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Germans and African Americans
Two Centuries of Exchange

Edited by Larry A. Greene
and Anke Ortlepp

304 pages (approx.), 6 x 9 inches, 3 b&w photographs, 4 line illustrations, introduction, index

978-1-60473-784-4 Printed casebinding $55.00S

978-1-60473-785-1 Ebook $55.00

978-1-61703-713-9 Paper $30.00D

Printed casebinding, $55.00

Ebook 978-1-60473-785-1, $55.00

Paper, $30.00

A wide-ranging look at the interplay between one European people and African Americans

With essays by Eva Boesenberg, Sabine Broeck, Astrid Haas, Maria Höhn, Mischa Honeck, Leroy Hopkins, Frank Mehring, Berndt Ostendorf, Damani Partridge, Aribert Schroeder, and Jeffery Strickland

Germans and African Americans, unlike other works on African Americans in Europe, examines the relationship between African Americans and one country, Germany, in great depth.

Germans and African Americans encountered one another within the context of their national identities and group experiences. In the nineteenth century, German immigrants to America and to such communities as Charleston and Cincinnati interacted within the boundaries of their old-world experiences and ideas and within surrounding regional notions of a nation fracturing over slavery. In the post-Civil War era in America through the Weimar era, Germany became a place to which African American entertainers, travelers, and intellectuals such as W. E. B. Du Bois could go to escape American racism and find new opportunities. With the rise of the Third Reich, Germany became the personification of racism, and African Americans in the 1930s and 1940s could use Hitler's evil example to goad America about its own racist practices. Postwar West Germany regained the image as a land more tolerant to African American soldiers than America. African Americans were important to Cold War discourse, especially in the internal ideological struggle between Communist East Germany and democratic West Germany.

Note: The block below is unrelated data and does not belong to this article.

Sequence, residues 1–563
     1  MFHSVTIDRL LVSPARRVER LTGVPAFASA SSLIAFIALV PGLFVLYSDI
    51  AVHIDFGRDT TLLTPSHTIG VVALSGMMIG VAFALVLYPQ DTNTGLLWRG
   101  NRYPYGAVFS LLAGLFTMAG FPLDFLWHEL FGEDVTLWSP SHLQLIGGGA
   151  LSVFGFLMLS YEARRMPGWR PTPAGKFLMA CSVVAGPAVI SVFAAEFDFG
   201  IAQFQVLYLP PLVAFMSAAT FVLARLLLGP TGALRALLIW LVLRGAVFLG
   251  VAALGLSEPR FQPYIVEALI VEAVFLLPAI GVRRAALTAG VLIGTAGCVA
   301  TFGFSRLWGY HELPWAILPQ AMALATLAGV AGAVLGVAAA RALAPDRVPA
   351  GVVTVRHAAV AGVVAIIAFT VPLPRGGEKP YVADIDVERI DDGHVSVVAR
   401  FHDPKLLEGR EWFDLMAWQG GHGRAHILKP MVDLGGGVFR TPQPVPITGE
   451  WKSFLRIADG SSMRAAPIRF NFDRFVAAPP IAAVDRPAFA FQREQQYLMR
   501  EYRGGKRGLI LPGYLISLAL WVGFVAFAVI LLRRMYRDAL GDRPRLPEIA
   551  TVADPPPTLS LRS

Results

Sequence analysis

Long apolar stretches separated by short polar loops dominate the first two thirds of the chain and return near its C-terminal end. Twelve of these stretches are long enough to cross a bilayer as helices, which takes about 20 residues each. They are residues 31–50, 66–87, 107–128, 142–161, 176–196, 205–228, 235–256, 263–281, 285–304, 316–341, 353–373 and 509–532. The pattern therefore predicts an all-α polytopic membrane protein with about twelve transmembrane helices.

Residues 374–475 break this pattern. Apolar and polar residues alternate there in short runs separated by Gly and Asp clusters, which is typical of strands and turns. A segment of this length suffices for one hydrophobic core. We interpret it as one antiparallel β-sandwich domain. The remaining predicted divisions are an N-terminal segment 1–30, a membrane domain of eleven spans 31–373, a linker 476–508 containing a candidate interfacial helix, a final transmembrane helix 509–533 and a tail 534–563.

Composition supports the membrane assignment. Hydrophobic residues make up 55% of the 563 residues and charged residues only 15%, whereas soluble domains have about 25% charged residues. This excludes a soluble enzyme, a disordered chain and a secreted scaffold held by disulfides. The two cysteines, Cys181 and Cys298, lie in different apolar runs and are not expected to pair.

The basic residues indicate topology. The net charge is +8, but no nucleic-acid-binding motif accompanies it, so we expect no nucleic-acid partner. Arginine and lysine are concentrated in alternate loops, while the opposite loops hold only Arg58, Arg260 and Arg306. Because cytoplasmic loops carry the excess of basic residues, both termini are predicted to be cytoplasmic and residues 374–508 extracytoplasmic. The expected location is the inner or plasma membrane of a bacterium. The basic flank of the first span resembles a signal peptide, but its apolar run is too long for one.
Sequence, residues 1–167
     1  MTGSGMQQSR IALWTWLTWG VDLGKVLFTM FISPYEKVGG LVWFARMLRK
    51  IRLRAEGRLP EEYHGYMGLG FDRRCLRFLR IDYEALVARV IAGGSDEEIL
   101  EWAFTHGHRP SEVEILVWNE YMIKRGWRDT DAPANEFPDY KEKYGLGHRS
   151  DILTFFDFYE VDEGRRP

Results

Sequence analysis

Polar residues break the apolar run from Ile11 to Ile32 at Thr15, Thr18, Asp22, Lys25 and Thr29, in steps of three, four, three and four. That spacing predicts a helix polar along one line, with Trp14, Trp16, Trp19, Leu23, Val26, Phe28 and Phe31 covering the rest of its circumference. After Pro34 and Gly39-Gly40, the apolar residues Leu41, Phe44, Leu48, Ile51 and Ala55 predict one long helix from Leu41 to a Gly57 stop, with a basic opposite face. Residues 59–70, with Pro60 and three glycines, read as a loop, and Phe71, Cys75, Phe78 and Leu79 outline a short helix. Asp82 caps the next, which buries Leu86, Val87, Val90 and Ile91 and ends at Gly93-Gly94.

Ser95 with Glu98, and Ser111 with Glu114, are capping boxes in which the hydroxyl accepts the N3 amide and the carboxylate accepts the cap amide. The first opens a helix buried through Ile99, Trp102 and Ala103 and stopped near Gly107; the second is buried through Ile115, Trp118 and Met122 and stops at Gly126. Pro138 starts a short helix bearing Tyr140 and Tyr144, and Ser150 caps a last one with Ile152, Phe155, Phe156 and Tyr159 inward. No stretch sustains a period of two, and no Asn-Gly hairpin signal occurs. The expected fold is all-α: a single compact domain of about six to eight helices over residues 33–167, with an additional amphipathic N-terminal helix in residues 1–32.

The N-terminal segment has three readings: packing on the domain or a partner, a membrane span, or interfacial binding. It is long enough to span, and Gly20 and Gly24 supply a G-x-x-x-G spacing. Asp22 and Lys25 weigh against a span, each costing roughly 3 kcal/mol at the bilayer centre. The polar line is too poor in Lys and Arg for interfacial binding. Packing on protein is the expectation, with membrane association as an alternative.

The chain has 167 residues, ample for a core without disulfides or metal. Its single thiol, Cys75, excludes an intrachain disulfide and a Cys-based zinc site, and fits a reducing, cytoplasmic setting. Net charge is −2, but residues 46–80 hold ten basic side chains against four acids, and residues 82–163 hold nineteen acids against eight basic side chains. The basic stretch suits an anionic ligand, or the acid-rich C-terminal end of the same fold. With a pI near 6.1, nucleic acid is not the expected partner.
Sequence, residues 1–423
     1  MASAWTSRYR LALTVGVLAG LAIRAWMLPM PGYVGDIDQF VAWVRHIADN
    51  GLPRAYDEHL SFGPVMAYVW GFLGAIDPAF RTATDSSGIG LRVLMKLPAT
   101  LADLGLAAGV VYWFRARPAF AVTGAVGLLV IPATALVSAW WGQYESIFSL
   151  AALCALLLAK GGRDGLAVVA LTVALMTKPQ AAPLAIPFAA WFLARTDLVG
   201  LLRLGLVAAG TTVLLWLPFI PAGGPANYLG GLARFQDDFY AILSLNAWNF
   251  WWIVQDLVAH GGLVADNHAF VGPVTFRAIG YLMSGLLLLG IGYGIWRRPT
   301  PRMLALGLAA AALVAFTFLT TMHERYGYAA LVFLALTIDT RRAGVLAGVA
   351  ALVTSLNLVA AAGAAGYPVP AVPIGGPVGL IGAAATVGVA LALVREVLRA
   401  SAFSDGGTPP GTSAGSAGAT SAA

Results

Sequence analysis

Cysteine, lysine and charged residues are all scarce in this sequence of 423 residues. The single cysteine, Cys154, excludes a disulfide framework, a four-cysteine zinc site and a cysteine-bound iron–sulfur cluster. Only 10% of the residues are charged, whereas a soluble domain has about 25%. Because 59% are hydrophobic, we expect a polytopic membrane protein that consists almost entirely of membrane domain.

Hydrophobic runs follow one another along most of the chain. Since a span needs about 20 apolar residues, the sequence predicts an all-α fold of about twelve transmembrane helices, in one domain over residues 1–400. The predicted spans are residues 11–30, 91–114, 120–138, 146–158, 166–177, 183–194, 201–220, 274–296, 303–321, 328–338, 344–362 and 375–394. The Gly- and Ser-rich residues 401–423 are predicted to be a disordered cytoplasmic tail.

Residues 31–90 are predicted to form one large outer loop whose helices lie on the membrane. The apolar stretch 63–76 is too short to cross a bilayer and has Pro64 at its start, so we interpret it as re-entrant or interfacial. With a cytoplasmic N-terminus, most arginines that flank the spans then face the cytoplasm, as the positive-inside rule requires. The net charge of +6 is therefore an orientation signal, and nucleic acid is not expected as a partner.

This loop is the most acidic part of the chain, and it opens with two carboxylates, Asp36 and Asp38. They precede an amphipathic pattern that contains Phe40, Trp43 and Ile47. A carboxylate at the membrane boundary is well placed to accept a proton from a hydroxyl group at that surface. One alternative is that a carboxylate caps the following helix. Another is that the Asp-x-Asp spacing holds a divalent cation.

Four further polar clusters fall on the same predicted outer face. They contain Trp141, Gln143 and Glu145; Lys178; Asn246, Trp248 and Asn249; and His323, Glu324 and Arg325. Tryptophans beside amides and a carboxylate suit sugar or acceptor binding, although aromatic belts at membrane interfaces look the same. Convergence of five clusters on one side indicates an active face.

Unlike many other countries in Europe, Germany has played a variety of different and conflicting roles in the African American narrative and relationship with Europe. It is this diversity of roles that adds to the complexity of African American and German interactions and mutual perceptions over time.

Larry A. Greene, South Orange, New Jersey, is a professor of history at Seton Hall University. He is the co-author of two books and author of numerous articles on African American history. Anke Ortlepp, Washington, D.C., is a research fellow with the German Historical Institute. She is the author of numerous books on American cultural history.

304 pages (approx.), 6 x 9 inches, 3 b&w photographs, 4 line illustrations, introduction, index